The news site of Miami Palmetto Senior High School

Paris is Burning

April 16, 2019

Six days before Easter Sunday, in the thick of rush hour, flames crept over the iconic Notre Dame Cathedral in Paris. In just hours, 856 years of history succumbed to ash.

Thousands of spectators gathered around the cathedral and watched in horror as the roof collapsed and the historic spire crumbled.

“After work I took the subway and I went to see it, it was between 7 and 8 PM. It was burning very badly, and it is still burning now at 11 PM. They just said the structure of Notre Dame is saved but the inside is totally burnt and ruined,” Parisian resident Charlotte Grassioulet said. “The tragic thing is that Notre Dame has never been destroyed. It’s so old, it’s one of the first monuments of Paris and it’s never been touched, even after the world wars and the crusades and all the suffering, everything. Today is a very historical day for Paris. People in the street were silent, we were all touched and sad…we were all just looking at Notre Dame and taking pictures and we were shocked.”

Priceless artifacts in the cathedral would usually be exposed to visitors on Good Friday and during the days leading up to Easter Sunday.

One of the most famous relics housed by the cathedral is the Crown of Thorns that Jesus Christ is believed to have worn on his way to crucifixion, which was was brought from Constantinople. The Crown of Thorns was saved from the fire.

Sixteen statues were taken from the spiral and saved, and the cathedral’s scaffold was believed to have helped in saving them as they were removed for restoration.

According to The Independent, the cathedral brought in about 13 million tourists a year and about 36,000 daily visitors, so the burning of Notre Dame will not only impact the French emotionally, but economically as well.

“After taking the metro from outside Paris to go to my apartment Rue Juliette Lamber in the 17th Arrondissement, I saw that there was chaos in the street and I heard people talk about all the smoke which was in the air… I took my two siblings with me and we went to the metro station called Cité in order to see the actual cathedral burning down. As we went out of the metro station, we saw that the streets were full of people and it was hard for us to see clearly because of all the smoke in the air. It was also very warm and the flames were huge. I have been going to the cathedral all my life, as it was an iconic place in Paris but was also important to me as I am Catholic,” Parisian resident Juliette Feau said. “It was also very surprising to see such a huge monument in flames… it was very dangerous as ash and bits of wood flew in the air.  [The smell] was super weird, it was like a huge bonfire, and very dusty. It was all around Paris… my friends who live outside of Paris could see huge clouds of smoke too. It was very silent at times and all we could hear were the cracks of the cathedral.”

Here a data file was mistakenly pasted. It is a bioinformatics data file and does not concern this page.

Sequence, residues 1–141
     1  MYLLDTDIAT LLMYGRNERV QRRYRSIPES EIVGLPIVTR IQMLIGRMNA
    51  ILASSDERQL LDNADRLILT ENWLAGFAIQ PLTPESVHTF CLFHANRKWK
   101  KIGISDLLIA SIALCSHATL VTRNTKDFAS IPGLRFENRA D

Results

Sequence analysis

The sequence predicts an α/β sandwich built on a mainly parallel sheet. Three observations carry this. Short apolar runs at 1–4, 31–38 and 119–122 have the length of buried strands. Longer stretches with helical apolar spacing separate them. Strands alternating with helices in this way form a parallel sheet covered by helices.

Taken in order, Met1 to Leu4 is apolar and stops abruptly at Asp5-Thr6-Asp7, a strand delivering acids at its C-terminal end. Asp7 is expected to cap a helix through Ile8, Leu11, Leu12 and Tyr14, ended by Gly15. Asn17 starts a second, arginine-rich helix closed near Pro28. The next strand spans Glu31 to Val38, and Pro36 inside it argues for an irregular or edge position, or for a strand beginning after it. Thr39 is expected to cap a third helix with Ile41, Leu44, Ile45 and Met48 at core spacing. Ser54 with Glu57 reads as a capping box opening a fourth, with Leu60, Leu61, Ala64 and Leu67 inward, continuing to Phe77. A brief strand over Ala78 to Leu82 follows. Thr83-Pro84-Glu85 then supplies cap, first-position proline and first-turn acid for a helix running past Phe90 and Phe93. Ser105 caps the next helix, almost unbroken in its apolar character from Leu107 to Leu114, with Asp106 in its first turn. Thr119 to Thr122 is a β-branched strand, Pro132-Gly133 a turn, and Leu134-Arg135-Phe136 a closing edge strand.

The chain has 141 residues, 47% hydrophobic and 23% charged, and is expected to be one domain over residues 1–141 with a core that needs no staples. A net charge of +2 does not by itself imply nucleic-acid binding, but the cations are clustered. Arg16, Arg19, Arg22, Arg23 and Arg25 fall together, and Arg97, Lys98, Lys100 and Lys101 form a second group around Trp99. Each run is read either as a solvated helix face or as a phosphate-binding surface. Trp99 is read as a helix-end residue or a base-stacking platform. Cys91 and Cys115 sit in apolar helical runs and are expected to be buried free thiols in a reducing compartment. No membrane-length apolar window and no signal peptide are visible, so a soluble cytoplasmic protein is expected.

French officials believe that fire may have started accidentally the attic. French president Emmanuel Macron visited the site and promised the country that the precious monument would be rebuilt, as the French people deserve nothing less.

As of 11:22 PM, French officials say one firefighter is severely injured, and according to CNN, no deaths have been reported.

Thousands of spectators clapped as flames were slowly snuffed out by massive cannons that continuously shot water at the cathedral. As of 2:44 AM, French officials have declared that the fire is under control.

The handling of the seemingly uncontrollable fire was criticized by not only spectators at the site, but also by U.S. President Donald Trump, who suggested in a tweet that perhaps the French should resort to aerial aid.

Notre Dame burned for so long because of its tricky location, as it is surrounded by water and in the middle of tight and narrow streets. Aerial help was impossible, according to the French Civil Rescue Force, because dropping tons of water on the delicate burning structure risked further destruction to the building.

“I’m dumbfounded,” Advanced Placement art history teacher Margarita Falagan said. “It’s a nightmare to watch, man against nature, nature always wins.”

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